Socialist MEP Ana Gomes called on the Maltese authorities to explain the reason why no action was taken against Tourism Minister Konrad Mizzi and the Prime Minister’s chief of staff Keith Schembri in relation to 17 Black, a ‘target client’ of the Panama companies they both owned.
In a tweet, Gomes pointed out that the Maltese authorities had received information in February from the Latvian authorities about the Dubai firm and its payments relevant to Mizzi and Schembri.
The owner of 17Black could be a very important piece in the corruption puzzle.
A recently discovered set of emails in the Panama Papers had shown that the offshore firms of Mizzi and Schembri were planning to have two Dubai firms, called 17 Black and Macbridge, become “main target clients” — meaning they planned to do business with them.
In a recent article in the EU Observer, PN MEP David Casa referred to a Daphne Project revelation that showed that Schembri and Mizzi were planning to receive $150,000 per month into their once-secret Panamanian companies from this company.
Casa argued that such huge funds would necessarily originate from a project big enough to fuel such big recurrent payments.
Three months ago, Magistrate Francesco Depasquale ordered an inquiry and concluded that Mizzi, Schembri and Nexia BT’s Brian Tonna and Karl Cini have a case to answer on allegations of bribery, attempted money laundering and false declarations to public authorities in relation to 17 Black.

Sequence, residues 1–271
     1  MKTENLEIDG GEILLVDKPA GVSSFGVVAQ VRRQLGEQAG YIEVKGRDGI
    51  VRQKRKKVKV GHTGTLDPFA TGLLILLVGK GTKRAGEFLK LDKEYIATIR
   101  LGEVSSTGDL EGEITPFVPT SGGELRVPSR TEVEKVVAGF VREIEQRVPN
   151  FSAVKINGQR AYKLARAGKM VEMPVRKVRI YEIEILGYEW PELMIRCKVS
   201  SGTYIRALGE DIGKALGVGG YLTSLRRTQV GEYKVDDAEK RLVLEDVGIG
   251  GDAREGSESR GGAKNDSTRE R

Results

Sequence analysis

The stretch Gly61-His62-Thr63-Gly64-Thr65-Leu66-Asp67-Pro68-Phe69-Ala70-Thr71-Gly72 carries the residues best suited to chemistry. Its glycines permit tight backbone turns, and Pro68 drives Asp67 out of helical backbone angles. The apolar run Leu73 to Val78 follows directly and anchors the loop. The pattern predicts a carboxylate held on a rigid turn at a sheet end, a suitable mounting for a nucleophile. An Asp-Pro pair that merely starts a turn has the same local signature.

Gomes said the Latvian financial unit gave the Maltese Financial Intelligence Audit Unit on 17 Black three days after the request was made. Gomes queried why no action was taken.
The team behind the Daphne Project found that the two Dubai companies received unexplained payments of US$ 1.6 million from an offshore company in the Seychelles. The transactions were flagged by the US financial intelligence unit as suspicious of money laundering.
While Mizzi claimed all along that the firms were not planning to do any business, Schembri had earlier confirmed that 17 Black and MacBridge were discussed as potential clients of the firms.